If you’ve looked at any show poster for live music this summer, chances are, it had The Black Tones on it. The three-piece rock ‘n’ roll band has been busy during the sunny months, playing festivals like Doe Bay and The Capitol Hill Block Party to house shows, private shows, and playing outside the city in Tacoma and Olympia. And on Friday, August 24th, you can catch The Black Tones at Concerts at the Mural with Jo Passed and The Moondoggies, during which lead singer Eva Walker will assuredly belt out songs about ghetto spaceships, spiders, plaid pants and more.
The Black Tones — comprised of Eva, her twin brother Cedric and bassist Robby Little — have much in store for fans as fall sets in, including a rumored new record release with songs recorded by the Grunge Father himself, Jack Endino. But before news of that goes any further, we wanted to catch up with Eva [ed. note: who is, SPOILER ALERT, also our writer's longtime girlfriend!] and ask her about the foundations of her art and what family means to her.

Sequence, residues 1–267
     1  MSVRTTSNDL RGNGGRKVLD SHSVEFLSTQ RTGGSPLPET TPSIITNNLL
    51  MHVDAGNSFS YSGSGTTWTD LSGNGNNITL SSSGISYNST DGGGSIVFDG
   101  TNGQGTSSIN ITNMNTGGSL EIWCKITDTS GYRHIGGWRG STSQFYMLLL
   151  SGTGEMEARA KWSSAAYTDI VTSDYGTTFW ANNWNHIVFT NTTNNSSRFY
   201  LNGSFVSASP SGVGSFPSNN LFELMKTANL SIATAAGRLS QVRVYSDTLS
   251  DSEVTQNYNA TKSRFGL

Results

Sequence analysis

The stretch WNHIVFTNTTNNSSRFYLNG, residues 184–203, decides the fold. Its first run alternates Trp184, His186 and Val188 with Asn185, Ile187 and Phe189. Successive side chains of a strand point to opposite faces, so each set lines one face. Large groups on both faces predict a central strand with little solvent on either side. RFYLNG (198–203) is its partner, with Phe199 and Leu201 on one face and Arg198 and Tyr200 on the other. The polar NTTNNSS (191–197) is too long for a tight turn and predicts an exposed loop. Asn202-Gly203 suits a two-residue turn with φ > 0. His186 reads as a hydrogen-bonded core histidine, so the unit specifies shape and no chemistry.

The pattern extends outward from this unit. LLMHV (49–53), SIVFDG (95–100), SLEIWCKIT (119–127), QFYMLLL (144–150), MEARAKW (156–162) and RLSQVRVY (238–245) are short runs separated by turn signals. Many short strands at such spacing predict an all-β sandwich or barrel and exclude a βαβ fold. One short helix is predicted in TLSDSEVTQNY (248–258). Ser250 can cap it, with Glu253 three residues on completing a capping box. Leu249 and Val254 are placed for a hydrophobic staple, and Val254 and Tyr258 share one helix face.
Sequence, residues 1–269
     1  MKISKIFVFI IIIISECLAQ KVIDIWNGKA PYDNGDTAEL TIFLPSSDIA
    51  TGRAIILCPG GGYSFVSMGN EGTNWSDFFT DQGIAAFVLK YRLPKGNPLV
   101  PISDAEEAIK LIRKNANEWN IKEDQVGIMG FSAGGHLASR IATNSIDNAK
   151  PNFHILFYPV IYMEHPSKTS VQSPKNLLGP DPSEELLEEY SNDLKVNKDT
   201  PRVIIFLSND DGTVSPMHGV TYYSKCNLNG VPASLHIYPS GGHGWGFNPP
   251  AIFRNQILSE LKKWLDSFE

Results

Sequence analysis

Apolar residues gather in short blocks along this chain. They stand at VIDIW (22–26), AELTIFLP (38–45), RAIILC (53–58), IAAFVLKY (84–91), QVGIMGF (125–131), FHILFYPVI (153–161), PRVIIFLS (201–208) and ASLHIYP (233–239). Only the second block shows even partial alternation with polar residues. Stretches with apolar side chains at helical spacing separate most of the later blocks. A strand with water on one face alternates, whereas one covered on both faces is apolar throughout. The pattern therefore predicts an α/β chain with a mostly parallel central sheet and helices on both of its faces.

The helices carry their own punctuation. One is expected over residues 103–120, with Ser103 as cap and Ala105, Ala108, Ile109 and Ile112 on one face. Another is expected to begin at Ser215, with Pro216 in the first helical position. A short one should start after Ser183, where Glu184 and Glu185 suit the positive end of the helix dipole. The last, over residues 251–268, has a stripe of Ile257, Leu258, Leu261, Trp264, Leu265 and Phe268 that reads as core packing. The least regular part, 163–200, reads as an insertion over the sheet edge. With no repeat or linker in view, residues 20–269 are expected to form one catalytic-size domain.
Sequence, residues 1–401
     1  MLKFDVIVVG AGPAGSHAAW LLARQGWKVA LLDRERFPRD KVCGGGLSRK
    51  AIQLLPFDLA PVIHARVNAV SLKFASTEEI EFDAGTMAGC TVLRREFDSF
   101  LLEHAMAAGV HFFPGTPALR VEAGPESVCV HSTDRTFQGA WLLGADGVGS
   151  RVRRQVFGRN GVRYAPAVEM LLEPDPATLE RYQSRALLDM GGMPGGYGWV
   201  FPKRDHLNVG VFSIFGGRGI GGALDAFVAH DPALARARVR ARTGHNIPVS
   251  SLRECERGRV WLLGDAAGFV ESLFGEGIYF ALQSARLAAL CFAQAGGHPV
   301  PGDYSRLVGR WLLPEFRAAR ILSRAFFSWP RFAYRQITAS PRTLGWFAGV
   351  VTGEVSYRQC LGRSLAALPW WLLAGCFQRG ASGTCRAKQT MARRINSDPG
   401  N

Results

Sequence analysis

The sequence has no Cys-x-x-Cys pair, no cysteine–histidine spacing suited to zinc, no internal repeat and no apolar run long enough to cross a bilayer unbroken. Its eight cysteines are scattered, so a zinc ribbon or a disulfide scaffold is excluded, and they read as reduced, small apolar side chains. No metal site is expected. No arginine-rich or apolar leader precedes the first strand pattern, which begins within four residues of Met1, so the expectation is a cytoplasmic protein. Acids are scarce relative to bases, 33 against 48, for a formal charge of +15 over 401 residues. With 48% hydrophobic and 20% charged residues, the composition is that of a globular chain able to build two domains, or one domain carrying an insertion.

KEXP: What do you think is the biggest responsibility of your new position as host of Audioasis?
I think the biggest responsibility is to introduce the Northwest to what’s in their backyard. There’s so much here in the Northwest that we need to appreciate it more. We’re living on a gold mine of artists and musicians. A lot of people think music has to be this distant thing like a pop star living in L.A. or New York. Like all of your heroes should be distant. No, they’re also in your community. And it’s important to introduce people to that. Especially under-represented voices in the music community, people that are looked over more than others. People making all different kinds of music, not just rock. The Northwest is known for grunge but there’s a lot of other music that I think should be introduced. I think that’s my job as a DJ, to bring that out and help it blossom. But obviously, I can’t do that alone. When I tell friends about it, I say this is a community effort. The community is going to listen to this radio station so the community should be involved in what’s being played. I like when people send me music or I go out to shows. It’s not the "What Eva Only Likes Show," it’s Audioasis.